The journey so far...

Thorfun

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A long time ago (about 15 years) in a county not so far away I met and married my wife. Soon after we had a couple of kids and started thinking about our future. 

 

When I was a teenager my parents moved us abroad and built their own house and I think that sowed the seed for me as it seems that I've always wanted to build my own house and would sit down and watch Grand Designs back in the day and be drawn to the idea of it all.

 

So about 10 years ago we decided that we wanted to build our own house but weren't in a position financially to do so but I was always keeping my eye out for something with potential and signed up to self-build websites and plot searches just in case something popped up.

 

As life went on we sadly lost my Grandmother to the sands of time. The upshot of that was my inheritance (every cloud does have a silver lining I guess) that gave us a bit more capital to allow us to widen our search a little. Then about 4 years ago we found a house within 1.5 acres that was ripe for knocking down and starting again. it would've stretched our finances but we could've lived in it for a bit to get those sorted out while we planned for the build. We put an offer in and it was accepted. We were so excited about it all that we got an architect involved and paid for surveys to be done and drawings to be made only for the sellers to let us know while we were out of the country on a family holiday that they'd decided to accept another offer on the house and would no longer be selling to us. talk about a kick in teeth! we were shellshocked. 

 

But, life goes on I guess and a year later we found a steel framed agricultural barn with 4 acres of land/woodland that had planning permission to convert to a residential property. offer made and accepted although with the old adage of once bitten twice shy we decided not to get ahead of ourselves and didn't shell out for architects etc at this point, although we did spend a lot on solicitors fees and also a contamination survey so it was not cheap as we moved towards an exchange of contracts. The barn had agricultural access over a 3rd parties land but no residential access and as the seller's solicitor tried to get that access it seemed to be apparent that the owners of the land (the Catholic Church) were against the development as they slapped a £200,000 price tag on the access (about 1/4 mile of farm track/bridle path). as we weren't paying that we thought the negotiations were ongoing with the sellers and the Church until one day out of the blue I got an email from my solicitor saying that he'd heard from the seller's solicitor and that they were no longer proceeding with the sale. this was 2 YEARS after the offer was made. it seemed that we were destined to never find somewhere to build....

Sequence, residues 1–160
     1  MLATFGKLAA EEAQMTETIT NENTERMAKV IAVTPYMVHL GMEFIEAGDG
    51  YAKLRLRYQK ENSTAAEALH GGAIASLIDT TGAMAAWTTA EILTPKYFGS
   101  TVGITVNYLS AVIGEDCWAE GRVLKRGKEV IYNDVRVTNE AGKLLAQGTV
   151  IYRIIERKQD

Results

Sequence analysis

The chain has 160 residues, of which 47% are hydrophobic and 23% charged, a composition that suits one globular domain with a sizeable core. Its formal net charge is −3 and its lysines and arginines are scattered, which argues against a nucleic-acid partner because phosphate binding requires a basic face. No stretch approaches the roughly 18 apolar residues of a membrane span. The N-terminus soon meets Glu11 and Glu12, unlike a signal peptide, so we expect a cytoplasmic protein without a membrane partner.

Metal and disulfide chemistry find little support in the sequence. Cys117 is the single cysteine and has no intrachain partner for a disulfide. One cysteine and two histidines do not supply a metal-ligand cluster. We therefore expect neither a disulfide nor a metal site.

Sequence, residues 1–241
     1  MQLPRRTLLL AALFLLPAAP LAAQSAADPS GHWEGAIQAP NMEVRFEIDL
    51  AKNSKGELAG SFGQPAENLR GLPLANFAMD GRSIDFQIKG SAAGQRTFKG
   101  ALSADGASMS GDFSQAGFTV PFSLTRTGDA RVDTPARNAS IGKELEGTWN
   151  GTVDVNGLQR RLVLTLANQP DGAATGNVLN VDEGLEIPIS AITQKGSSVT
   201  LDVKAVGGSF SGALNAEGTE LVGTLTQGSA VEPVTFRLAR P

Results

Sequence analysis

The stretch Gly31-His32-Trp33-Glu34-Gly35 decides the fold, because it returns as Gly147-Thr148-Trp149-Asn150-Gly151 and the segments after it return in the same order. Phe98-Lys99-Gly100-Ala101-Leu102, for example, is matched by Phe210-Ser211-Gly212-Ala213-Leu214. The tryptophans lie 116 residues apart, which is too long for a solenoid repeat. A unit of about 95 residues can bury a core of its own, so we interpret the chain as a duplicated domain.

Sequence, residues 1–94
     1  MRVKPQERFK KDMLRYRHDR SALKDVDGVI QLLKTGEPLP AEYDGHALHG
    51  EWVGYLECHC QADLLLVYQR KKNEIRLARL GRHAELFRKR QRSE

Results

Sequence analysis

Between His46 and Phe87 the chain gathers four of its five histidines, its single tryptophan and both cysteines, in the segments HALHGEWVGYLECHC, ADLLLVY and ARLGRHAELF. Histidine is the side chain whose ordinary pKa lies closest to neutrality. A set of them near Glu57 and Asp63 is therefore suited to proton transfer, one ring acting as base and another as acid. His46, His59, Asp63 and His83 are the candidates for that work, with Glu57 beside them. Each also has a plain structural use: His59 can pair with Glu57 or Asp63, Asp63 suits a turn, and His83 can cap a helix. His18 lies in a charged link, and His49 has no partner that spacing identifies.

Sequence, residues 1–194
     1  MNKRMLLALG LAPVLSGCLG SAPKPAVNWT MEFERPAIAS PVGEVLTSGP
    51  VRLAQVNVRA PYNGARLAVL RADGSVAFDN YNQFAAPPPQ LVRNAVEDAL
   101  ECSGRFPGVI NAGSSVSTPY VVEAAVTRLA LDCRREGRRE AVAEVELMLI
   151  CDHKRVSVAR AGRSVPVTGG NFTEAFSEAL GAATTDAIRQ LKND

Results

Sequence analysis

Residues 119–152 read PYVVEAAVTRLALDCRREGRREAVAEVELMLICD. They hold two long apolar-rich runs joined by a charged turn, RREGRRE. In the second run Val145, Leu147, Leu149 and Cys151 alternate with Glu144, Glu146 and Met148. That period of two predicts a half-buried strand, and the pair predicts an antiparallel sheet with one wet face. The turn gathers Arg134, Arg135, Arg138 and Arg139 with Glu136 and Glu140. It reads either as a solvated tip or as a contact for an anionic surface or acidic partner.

...but never say never as about 2 weeks later we found an old 70's built bungalow that had outline planning permission and full planning permission for a replacement dwelling in 0.8 acres of land surrounded by woodland. it was perfect and we had our offer accepted and started the purchase process. little did we know that we couldn't get finance on the property even though it was a habitable property no one would offer a residential mortgage as the construction of the house was 70's prefab and the banks wouldn't lend on it. I even had a bridging loan company refuse to lend on it despite the inherent value in the residential plot and land. it was crazy and the house was put back on the market while we tried to sort something out. fortunately, our family were able to sell an overseas property to allow us to get the funds to not need a mortgage and we exchanged and completed in October 2019. 

 

We're now living in the bungalow as we await planning approval for the new designs our architect has drawn up, but that will be the subject of another post.